For better or worse, the internet has become a place to commiserate over obscure fears.
Like: “listening to music with earphones on public transport and finding out everyone can hear it,” or “getting into an accident while driving somewhere I’m not supposed to be,” or, simply, “closely-packed holes.” The idea in sharing these phobias isn’t exactly to replace or downplay more conventional fears (like losing a loved one, Alzheimer’s or public speaking), but to have a bit of a nervous laugh. They’re a call for solidarity in the name of shared day-to-day agony, and more often than not, tens of thousands of people heed them, with a like, repost, “so true!” or follow.
This time of year, there’s one such pseudo-fear that always seems to make the online rounds. On Instagram, Twitter, Reddit, what have you, twenty-somethings like to claim that their “biggest fear” is “marrying into a family that does the Turkey Trot on Thanksgiving mornings.”
According to Outside Online, there are more than a thousand Turkey Trots across the country. That number is likely much larger, considering how many families stage their own unsanctioned “races” around the neighborhood. The tradition has been going strong since the very first trot (held in Buffalo in 1896; the city hasn’t missed a year since, even staging a scaled-down race during the pandemic), and is usually anywhere from a one-mile run to a half marathon, though the standard distance is a 5K.
The goofiest of families wear turkey or pilgrim costumes during the run, but most people just wear a race-sanctioned shirt. The weather is crisp but tolerable. Depending on where you’re running, the foliage can be dazzling. There’s a decent chance you run into other friends or family while out on your run, which can also be a nice thing. And the average adult 5K time, for those curious, is a little over a half hour, while walking that distance takes around 45 minutes. We’re not really talking about that much time outside or an especially rigorous challenge. So why in the name of Snoopy’s secret Thanksgiving feast is the tradition so appalling to younger generations?
Allie, a publicist who asked to remain anonymous for this article (Turkey Trot blasphemy is a serious offense), has some ideas. After all, she did the exact thing the entire worldwide web was shouting at her not to do, and married into a Turkey Trot family. “I come from a stay-in-your-pajamas-all-day, mimosas and movies family,” she says. “Some questions that come to my mind when seeing my husband’s family members run: ‘Is this your one chance a year to show off?’ and ‘There’s no way they actually like this, right?’”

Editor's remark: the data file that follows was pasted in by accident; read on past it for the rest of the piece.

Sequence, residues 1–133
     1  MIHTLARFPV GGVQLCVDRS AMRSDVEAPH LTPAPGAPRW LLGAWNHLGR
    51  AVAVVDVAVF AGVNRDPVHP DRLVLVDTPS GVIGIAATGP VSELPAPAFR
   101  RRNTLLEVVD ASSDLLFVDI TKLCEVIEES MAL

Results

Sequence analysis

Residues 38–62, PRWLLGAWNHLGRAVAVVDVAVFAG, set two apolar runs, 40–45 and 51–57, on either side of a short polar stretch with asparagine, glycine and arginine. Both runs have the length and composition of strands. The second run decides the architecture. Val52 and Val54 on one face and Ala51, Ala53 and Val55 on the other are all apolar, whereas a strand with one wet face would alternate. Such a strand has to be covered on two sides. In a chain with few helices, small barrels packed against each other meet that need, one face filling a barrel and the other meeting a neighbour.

Allie speculates that her husband’s family members might just be in it for the hardware. “Yes, you do get medals. I’m not sure why, and I’m not sure if this is supposed to be encouraging, but I’ve been to Turkey Trots in Colorado, Kansas City and South Carolina, and they all give out medals. Rain, snow or sleet, or mono (which I did find out the hard way one year), we will be Turkey Trotting.”
Fortunately for her, her husband doesn’t run anymore, so she’s been able to stay safe on the sidelines. “If you can’t tell by my tone,” she says, “I do believe it is slightly horrible. If it’s a beautiful day and the sun is shining, my attitude may change, but the second it starts to precipitate, I am confused and irritated as to why in the world we would choose to do this on a holiday. Whatever you do, marry into a mimosa and pajamas family. ”
“Slightly horrible” appears to be the key takeaway here. Holidays are billed as relaxed and easy, but as SNL laments every single year, they inevitably descend into intergenerational chaos around the dinner table. So it’s somewhat understanding that adding more “forced family fun” to that cocktail is less than desirable for some. It is a physical activity, and for non-runners or those who would rather not sweat in front of people they see a handful of times a year, the idea of an impromptu gym class is mortifying. This is where the whole spousal nightmare really crystallizes: Who’s eager to measure their cardiovascular endurance against a significant other’s Uncle “Tough Mudder” Todd?